The Intersection-Validation Method for Evaluating Bayesian Network Structure Learning Without Ground Truth

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Title: The Intersection-Validation Method for Evaluating Bayesian Network Structure Learning Without Ground Truth
Author: Viinikka, Jussi
Contributor: University of Helsinki, Faculty of Science
Publisher: Helsingin yliopisto
Date: 2019
Language: eng
Thesis level: master's thesis
Discipline: Tietojenkäsittelytiede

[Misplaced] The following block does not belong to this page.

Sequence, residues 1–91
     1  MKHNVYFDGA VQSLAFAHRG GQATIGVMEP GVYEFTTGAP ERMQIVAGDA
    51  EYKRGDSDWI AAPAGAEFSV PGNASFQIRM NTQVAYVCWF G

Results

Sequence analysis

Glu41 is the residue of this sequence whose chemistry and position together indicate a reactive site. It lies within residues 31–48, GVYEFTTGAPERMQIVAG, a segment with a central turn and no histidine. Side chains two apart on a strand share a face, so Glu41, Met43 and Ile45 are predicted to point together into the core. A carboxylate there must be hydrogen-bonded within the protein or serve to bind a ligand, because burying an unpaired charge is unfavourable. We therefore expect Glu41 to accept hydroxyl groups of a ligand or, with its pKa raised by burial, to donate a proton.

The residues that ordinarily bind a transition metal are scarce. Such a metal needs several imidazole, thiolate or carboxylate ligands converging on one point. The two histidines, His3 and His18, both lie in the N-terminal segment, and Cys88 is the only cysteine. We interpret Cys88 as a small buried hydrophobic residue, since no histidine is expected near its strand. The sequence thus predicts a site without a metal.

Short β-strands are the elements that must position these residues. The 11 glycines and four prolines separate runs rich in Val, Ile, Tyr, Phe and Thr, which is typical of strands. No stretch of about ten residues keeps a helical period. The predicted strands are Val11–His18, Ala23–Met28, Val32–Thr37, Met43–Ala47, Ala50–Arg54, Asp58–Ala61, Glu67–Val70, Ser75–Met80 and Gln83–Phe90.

Abstract: Structure learning algorithms for Bayesian networks are typically evaluated by examining how accurately they recover the correct structure, given data sampled from a benchmark network. A popular metric for the evaluation is the structural Hamming distance. For real-world data there is no ground truth to compare the learned structures against. Thus, to use such data, one has been limited to evaluating the algorithms' predictive performance on separate test data or via cross-validation. The predictive performance, however, depends on the parameters of the network, for which some fixed values can be used or which can be marginalized over to obtain the posterior predictive distribution using some parameter prior. Predictive performance therefore has an intricate relationship to structural accuracy -- the two do not always perfectly mirror each other. We present intersection-validation, a method for evaluating structure learning without ground truth. The input to the method is a dataset and a set of compared algorithms. First, a partial structure, called the agreement graph, is constructed consisting of the features that the algorithms agree on given the dataset. Then, the algorithms are evaluated against the agreement graph on subsamples of the data, using a variant of the structural Hamming distance. To test the method's validity we define a set of algorithms that return a score maximizing structure using various scoring functions in combination with an exact search algorithm. Given data sampled from benchmark networks, we compare the results of the method to those obtained through direct evaluation against the ground truth structure. Specifically, we consider whether the rankings for the algorithms determined by the distances measured using the two methods conform with each other, and whether there is a strong positive correlation between the two distances. We find that across the experiments the method gives a correct ranking for two algorithms (relative to each other) with an accuracy of approximately 0.9, including when the method is applied onto a set of only two algorithms. The Pearson correlations between the distances are fairly strong but vary to a great extent, depending on the benchmark network, the amount of data given as input to intersection-validation and the sample size at which the distances are measured. We also attempt to predict when the method produces accurate results from information available in situations where the method would be used in practice, namely, without knowledge of the ground truth. The results from these experiments indicate that although some predictors can be found they do not have the same strength in all instances of use of the method. Finally, to illustrate the uses for the method we apply it on a number of real-world datasets in order to study the effect of structure priors on learning.

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